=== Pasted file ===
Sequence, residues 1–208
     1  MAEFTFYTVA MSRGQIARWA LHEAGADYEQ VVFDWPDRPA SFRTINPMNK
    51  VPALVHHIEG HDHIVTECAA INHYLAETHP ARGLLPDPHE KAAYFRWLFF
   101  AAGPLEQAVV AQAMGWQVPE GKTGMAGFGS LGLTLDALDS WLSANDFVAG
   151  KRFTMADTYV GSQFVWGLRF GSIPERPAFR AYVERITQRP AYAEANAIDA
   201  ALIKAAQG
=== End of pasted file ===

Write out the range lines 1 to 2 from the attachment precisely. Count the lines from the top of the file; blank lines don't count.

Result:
Sequence, residues 1–208
     1  MAEFTFYTVA MSRGQIARWA LHEAGADYEQ VVFDWPDRPA SFRTINPMNK